Reuters Editor-at-Large Sir Harold Evans joins Admiral William McRaven to discuss his storied military career and why having a Plan B is always necessary.
In an op-ed piece late last year, Reuters Editor at-Large Sir Harold Evans theorized that the 2020 presidential candidate most capable of standing up to President Donald Trump on the debate stage was Admiral William McRaven, the retired Navy commander who led the special-ops teams responsible for capturing Saddam Hussein, Osama bin Laden, and countless other terrorists.
McRaven isn’t running for president, but Evans suggested that McRaven’s stellar military leadership combined with his “brave, brainy, and eloquent” demeanor would make him a formidable and worthy candidate.
Paired together onstage in New York for the May 22 Reuters Newsmakers event, Adm. William H. McRaven: A Life in Special Operations, Evans led a discussion of McRaven’s exploits, all of which are recounted in McRaven’s new book, Sea Stories: My Life in Special Operations. There was no mention of presidential aspirations, but after listening to McRaven explain his thought process during some of the most dangerous and nerve-wracking military operations in American history, it’s not hard to see why Evans is so smitten with the idea of a President McRaven.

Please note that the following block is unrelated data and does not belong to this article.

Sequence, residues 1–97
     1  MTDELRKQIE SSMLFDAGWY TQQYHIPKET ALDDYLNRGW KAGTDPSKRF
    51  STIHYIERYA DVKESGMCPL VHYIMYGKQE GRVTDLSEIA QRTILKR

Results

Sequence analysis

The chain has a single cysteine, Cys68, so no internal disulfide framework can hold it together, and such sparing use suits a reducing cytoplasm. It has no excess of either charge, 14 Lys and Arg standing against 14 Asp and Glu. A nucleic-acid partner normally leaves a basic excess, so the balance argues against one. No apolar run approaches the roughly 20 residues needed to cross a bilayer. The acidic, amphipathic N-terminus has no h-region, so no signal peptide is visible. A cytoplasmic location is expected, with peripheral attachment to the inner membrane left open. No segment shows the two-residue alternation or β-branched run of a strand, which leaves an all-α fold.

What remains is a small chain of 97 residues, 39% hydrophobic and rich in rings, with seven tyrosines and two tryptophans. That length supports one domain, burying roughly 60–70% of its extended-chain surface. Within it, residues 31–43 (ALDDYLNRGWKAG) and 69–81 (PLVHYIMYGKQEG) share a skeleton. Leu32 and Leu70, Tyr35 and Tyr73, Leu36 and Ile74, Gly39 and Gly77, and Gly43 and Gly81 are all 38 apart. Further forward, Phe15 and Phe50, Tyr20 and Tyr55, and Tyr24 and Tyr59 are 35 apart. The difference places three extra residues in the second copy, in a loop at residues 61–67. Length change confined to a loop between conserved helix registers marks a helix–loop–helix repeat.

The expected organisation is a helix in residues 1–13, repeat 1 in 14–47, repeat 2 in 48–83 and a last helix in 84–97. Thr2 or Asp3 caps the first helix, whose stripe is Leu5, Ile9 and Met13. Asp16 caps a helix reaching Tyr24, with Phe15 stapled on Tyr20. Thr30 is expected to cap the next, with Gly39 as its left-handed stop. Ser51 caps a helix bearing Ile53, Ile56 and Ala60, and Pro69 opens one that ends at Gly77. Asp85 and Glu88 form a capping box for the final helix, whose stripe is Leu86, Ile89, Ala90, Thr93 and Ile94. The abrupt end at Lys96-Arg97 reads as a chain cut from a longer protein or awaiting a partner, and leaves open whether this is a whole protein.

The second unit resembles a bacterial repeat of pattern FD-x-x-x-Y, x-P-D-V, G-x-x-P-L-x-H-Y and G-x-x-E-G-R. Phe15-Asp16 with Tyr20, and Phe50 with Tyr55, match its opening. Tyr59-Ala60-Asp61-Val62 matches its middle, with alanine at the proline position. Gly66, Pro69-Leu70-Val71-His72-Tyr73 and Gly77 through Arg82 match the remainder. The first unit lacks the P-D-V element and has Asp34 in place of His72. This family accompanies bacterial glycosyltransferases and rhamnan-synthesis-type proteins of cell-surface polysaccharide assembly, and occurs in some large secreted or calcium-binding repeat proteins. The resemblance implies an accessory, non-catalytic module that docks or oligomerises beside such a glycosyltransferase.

We know how to do this
During his re-telling of the raid on bin Laden’s compound in Pakistan, for example, McRaven recalled a CIA meeting beforehand in which he was asked whether a raid on the compound was possible, and how he and his team might accomplish it. His response was telling. According to McRaven, he told them, “It’s a compound. It’s what we do every night. We were doing 25 missions a night in the Iraq part of the war, and about 10 to 12 missions in Afghanistan. We know how do to this.”
In other words, the most dangerous, daring, and important mission in recent military history was, to McRaven, just another day at the office. Furthermore, on the night of the actual mission, when the first helicopter arrived at the bin Laden compound and crashed — with President Barack Obama, Secretary of State Hillary Clinton, and the entire Joint Chiefs of Staff watching nervously from the White House — the situation seemed dire. Evans asked McRaven if he considered aborting the mission at that point. Again, his answer was telling: “Absolutely not. We were committed. There was no way we were canceling the mission.” The crashed helicopter didn’t phase him he says, because “we had a Plan B.”
“I’ve got to look at myself in the mirror every morning, and I’m going to stand up and do what I think is right and accept the criticism.”
McRaven always has a backup plan. The bin Laden raid didn’t happen in one night, after all — it was the culmination of five months of careful, “very complex” planning.